What is Levenshtein Distance?

Levenshtein distance is a string metric for measuring the difference between two sequences.

Informally, the Levenshtein distance between two words is the minimum number of single-character edits (insertions, deletions or substitutions) required to change one word into the other.

It is named after the Soviet mathematician Vladimir Levenshtein, who considered this distance in 1965.


Who uses it?

  • Programmers use Levenshtein distance for simple spell correction. For example, Git uses it to suggest the most similar command.

    $ git checkou
    git: 'checkou' is not a git command. See 'git --help'.
    The most similar command is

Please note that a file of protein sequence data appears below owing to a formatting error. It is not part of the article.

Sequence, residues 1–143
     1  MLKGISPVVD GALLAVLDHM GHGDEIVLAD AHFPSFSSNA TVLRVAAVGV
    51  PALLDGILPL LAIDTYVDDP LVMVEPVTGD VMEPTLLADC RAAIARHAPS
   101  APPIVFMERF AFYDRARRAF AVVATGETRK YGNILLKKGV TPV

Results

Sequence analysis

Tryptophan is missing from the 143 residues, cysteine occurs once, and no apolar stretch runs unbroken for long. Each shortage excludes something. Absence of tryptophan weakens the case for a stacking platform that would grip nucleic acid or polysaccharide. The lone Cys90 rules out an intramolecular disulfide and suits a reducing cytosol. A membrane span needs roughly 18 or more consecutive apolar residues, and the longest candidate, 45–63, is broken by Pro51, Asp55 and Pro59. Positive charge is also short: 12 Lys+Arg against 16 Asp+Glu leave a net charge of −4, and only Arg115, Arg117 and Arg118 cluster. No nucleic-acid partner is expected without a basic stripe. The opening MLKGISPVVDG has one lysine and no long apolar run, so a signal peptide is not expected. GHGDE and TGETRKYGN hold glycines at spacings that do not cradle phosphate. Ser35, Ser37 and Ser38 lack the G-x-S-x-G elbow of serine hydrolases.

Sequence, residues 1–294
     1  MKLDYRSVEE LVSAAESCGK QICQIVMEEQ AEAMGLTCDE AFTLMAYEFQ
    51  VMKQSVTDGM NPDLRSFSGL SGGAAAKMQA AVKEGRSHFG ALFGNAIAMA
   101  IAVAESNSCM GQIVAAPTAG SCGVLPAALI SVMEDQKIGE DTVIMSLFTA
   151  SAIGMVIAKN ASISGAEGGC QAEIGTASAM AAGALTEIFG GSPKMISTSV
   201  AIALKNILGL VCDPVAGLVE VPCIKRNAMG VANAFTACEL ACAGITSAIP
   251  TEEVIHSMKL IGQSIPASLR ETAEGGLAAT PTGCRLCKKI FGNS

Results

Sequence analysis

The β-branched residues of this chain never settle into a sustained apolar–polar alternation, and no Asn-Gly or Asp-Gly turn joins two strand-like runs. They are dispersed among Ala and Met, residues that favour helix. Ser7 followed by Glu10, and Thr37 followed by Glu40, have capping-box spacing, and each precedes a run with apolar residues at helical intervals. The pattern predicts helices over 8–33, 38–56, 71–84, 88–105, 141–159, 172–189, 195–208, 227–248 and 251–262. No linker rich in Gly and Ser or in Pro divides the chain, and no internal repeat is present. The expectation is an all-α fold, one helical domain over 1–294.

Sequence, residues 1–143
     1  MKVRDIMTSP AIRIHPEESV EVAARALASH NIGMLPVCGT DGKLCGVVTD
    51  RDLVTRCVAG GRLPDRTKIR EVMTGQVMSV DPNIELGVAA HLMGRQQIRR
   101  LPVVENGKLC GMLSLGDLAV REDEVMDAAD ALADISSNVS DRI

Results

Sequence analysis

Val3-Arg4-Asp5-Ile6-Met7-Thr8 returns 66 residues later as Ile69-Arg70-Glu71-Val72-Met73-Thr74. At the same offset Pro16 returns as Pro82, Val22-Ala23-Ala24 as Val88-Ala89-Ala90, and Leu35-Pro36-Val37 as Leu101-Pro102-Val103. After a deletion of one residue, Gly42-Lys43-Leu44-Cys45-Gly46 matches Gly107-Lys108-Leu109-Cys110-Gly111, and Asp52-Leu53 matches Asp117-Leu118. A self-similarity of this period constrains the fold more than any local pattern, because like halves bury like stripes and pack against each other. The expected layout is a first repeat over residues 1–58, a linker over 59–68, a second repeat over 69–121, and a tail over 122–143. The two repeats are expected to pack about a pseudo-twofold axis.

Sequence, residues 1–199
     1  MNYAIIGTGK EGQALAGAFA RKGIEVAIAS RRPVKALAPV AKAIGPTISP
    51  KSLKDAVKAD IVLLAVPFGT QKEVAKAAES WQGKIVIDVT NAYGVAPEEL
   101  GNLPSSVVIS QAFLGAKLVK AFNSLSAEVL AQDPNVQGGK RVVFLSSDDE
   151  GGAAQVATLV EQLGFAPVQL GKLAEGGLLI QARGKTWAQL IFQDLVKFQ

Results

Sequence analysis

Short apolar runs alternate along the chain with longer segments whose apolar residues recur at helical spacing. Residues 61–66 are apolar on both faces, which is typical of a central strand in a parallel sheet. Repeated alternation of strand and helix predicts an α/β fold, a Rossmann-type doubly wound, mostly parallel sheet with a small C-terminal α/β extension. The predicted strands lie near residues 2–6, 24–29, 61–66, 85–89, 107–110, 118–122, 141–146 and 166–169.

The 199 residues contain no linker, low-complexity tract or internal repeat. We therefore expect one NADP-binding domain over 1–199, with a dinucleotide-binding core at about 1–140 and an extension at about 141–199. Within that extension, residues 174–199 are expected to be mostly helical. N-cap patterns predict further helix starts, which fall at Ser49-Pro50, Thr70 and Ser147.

• Biologists use Levenshtein distance to study mutation of DNA/RNA sequences. (…)

  • Linguists use Levenshtein distance to classify languages into a tree. See [Serva2008] for example.

  • Other usages include hand-writing recognition. You can check my toy implementation Charec.

How to compute it?

There is two general algorithms for Levenshtein distance:

Read Wagner-Fischer vs Myers’ Algorithm to learn which suites for your use case.

Note that Myers algorithm cannot be applied to variants of Leveshtein distance (e.g. edit costs are not fixed to 1).